A complicating factor in using ACT scores to estimate improvement in public education in Louisiana is the fact that scores are averaged for all students taking the test including both public and private school students. It is impossible to know whether a gain in the average is due to public school students or to the fairly large number of private school students taking the test. The State Department of Education however, is claiming that the flimsy one tenth point improvement this year in the overall average means that public schools are improving. I hope that is true, but I would first like to see a breakdown showing separate averages for public and private schools.
I participated in a meeting of the High School Redesign Commission a few months ago, where the group was informed that the State Department of Education will start requiring all high school students to take the ACT and that 25% of the all important School Performance Score will be based on the ACT average score. Some of the Commission members grumbled that this would not give the high schools time to set up special ACT prep courses. But not wanting to seem to be against this latest reform, they dutifully voted to endorse the new testing scheme. So it looks like many more of our teachers will be singing the Test Teacher Song. (Click on the link and you'll see what I mean.)
It used to be that high schools in addition to producing literate and well rounded citizens would prepare students for either vocational/career work or for entry into 4 year colleges. Now the goal has been carefully reshaped by our non-educator reformers so that schools are supposed to produce adults who are College and Career ready. The reformers are telling us that if we achieve the goal of college prep, we will also automatically be preparing students for careers that require less than a 4 year college degree. The problem is there are only so many hours in the school day. That's why many school systems have been forced to sacrifice many of their vocational-technical programs to allow more time for the Core 4 curriculum.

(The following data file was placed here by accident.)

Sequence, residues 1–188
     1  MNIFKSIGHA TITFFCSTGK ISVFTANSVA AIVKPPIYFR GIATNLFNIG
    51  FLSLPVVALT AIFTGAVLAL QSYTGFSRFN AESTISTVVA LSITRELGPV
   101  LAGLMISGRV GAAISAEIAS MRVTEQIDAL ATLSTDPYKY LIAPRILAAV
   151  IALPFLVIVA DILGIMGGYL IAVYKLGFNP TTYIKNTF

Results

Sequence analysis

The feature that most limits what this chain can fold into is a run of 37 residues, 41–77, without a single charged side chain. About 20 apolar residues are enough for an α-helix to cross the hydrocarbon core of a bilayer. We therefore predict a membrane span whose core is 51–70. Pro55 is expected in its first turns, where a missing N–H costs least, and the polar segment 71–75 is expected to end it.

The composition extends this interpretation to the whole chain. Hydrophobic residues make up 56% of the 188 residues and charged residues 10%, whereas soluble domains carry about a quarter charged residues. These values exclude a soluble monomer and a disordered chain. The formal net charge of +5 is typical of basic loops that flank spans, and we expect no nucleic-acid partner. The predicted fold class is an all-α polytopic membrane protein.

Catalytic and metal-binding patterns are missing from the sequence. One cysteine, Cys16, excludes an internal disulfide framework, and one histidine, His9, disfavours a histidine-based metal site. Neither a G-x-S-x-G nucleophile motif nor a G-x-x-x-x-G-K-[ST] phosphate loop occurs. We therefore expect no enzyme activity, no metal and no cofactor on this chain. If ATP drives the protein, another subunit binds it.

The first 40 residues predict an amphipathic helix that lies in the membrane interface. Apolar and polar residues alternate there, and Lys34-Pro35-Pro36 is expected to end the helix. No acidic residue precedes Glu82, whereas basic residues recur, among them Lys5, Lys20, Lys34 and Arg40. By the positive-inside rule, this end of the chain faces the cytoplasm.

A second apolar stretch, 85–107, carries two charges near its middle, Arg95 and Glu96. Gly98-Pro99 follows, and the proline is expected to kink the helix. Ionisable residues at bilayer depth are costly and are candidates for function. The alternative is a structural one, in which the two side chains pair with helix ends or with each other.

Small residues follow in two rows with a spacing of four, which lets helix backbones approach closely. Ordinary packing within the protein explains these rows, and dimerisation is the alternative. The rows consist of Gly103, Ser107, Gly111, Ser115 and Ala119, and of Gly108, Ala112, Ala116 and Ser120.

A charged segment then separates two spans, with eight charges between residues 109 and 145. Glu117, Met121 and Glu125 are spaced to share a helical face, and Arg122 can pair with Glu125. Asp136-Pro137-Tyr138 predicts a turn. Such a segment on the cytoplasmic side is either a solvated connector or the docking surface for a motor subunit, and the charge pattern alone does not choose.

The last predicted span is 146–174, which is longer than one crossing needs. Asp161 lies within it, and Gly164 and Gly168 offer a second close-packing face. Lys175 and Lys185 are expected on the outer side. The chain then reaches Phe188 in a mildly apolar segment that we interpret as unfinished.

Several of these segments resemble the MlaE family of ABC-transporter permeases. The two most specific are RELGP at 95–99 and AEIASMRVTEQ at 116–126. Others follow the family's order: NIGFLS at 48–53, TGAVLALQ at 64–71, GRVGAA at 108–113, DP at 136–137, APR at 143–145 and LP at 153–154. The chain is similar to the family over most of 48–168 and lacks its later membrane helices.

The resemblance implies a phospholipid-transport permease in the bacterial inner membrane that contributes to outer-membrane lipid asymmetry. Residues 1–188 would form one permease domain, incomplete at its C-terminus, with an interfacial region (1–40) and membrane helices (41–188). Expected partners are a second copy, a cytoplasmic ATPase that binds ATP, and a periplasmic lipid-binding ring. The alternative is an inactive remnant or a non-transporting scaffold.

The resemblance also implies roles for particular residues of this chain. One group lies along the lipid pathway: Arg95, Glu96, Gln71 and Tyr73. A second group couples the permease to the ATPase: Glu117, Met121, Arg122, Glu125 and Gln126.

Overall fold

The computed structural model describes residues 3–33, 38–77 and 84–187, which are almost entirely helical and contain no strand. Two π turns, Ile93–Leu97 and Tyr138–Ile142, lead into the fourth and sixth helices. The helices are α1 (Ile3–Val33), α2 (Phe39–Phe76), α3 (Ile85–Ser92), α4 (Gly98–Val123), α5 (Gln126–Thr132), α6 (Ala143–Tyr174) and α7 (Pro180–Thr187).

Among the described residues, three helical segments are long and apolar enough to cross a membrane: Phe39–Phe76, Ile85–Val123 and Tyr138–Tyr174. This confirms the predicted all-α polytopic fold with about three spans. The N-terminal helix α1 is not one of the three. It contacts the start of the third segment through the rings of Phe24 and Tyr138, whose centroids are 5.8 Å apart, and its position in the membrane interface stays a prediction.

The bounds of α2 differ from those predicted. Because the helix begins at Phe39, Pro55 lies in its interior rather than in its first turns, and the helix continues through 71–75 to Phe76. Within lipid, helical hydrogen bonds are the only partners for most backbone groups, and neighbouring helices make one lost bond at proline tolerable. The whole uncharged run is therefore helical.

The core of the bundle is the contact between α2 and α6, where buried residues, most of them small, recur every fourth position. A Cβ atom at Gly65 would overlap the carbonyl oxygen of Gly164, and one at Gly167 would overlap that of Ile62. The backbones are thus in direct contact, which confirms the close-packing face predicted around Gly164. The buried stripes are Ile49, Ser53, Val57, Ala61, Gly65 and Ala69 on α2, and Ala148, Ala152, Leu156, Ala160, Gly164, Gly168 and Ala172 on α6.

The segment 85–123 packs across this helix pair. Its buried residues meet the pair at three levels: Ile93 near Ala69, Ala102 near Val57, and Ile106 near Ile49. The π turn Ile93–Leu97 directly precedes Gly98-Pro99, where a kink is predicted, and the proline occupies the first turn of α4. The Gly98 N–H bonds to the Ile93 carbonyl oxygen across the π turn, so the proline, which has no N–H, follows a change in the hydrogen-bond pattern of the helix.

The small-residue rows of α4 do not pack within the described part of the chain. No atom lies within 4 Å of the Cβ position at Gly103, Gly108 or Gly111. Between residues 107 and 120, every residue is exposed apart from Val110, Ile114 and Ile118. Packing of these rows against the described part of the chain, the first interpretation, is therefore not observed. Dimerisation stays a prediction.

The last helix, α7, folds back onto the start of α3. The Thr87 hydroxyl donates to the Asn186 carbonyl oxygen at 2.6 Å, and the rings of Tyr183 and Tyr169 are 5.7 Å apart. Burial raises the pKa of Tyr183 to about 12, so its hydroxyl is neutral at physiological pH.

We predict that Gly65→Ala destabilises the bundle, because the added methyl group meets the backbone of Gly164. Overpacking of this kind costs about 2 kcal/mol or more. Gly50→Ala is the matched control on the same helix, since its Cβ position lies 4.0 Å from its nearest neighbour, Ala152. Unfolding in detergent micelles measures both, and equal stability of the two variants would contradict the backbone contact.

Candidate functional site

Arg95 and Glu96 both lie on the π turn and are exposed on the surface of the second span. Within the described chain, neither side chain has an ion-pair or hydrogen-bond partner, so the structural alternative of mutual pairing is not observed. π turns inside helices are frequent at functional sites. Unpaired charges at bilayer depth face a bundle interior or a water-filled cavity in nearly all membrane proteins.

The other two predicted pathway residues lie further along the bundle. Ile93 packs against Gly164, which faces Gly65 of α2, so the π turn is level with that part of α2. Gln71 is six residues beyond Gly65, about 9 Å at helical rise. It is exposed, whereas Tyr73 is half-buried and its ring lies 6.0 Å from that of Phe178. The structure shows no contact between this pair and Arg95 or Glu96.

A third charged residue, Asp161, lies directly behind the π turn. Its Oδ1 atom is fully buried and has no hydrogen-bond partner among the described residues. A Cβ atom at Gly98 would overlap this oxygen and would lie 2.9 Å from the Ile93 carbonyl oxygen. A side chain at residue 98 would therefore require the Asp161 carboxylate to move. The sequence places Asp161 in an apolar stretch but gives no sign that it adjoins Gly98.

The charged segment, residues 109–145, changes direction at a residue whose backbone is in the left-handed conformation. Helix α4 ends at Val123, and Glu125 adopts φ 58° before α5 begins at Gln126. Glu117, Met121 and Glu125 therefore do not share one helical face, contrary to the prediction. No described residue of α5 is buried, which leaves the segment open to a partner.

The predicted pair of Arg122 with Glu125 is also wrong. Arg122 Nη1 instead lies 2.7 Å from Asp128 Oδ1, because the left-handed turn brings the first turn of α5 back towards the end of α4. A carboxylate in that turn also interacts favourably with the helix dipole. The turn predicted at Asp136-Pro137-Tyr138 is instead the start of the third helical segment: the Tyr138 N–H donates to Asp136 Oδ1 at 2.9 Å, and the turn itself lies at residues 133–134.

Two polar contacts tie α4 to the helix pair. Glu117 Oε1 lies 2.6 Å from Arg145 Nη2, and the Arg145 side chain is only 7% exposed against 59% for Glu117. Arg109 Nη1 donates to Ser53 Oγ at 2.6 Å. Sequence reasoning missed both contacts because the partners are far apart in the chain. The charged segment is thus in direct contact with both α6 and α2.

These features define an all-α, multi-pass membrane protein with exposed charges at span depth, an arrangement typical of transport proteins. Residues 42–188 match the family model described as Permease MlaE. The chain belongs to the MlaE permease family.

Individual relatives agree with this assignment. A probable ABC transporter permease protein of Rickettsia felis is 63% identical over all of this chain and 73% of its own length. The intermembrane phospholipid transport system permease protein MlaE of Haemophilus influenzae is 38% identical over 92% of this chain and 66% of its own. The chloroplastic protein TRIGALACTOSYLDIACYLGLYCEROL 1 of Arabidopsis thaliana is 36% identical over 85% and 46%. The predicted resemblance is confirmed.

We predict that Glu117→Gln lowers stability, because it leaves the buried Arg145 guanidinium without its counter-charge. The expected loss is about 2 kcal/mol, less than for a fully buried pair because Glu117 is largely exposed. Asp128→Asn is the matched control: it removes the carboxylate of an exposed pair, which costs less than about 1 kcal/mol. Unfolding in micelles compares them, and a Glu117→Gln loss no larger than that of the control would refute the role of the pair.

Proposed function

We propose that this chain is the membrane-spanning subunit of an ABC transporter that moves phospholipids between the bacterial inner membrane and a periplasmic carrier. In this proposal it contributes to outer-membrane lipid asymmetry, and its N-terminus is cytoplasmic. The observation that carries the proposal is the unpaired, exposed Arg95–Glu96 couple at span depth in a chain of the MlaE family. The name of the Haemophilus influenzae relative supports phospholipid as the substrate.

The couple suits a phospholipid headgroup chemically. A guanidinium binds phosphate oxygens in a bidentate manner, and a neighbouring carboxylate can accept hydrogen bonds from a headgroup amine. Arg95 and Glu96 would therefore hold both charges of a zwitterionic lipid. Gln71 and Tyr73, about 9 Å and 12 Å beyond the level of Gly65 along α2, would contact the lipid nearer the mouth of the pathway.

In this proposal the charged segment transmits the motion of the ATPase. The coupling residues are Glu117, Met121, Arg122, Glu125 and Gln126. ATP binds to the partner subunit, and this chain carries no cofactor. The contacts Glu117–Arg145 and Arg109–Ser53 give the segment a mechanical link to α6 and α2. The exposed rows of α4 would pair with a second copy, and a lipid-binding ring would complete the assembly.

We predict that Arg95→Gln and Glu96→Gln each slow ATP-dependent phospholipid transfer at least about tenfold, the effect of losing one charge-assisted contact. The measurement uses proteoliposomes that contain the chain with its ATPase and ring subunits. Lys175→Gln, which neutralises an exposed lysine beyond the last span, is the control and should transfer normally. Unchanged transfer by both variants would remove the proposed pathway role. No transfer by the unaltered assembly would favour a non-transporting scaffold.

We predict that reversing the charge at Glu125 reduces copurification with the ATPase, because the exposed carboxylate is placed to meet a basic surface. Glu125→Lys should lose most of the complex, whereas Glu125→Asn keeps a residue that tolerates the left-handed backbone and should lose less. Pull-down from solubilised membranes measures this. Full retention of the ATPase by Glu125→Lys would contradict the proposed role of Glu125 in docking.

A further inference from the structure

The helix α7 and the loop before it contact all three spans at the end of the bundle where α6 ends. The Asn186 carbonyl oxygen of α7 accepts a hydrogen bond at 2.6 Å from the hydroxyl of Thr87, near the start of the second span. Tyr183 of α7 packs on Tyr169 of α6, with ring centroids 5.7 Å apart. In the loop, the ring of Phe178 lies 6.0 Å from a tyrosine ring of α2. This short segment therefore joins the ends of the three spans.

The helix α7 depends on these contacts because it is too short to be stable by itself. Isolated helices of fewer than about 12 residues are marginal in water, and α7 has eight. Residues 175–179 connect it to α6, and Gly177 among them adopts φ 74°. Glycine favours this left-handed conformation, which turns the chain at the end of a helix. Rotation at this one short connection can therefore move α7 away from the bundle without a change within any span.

No other industrialized country attempts to prepare all its students for college. They know that the modern work force needs skilled and vocational workers just as much as it needs college educated workers. Why do our school reformers insist on doing exactly the opposite of what the most successful countries are doing?
It is ironic that business leaders have been telling the Louisiana Workforce Commission that what they need are skilled workers in many jobs that do not require a college degree. That's why one element of the Jindal reform legislation will now allow high school students to leave their home campus and attend vocational courses by private providers. The problem is most of these kids are not able to go in two directions at one time.
I believe that forcing students who are not suited to, or have no interest in college prep to take such courses is very bad policy. It is discouraging and damaging to the students and guarantees that our public schools will continue to look like failures. For educators it's more and more testing with diminishing returns.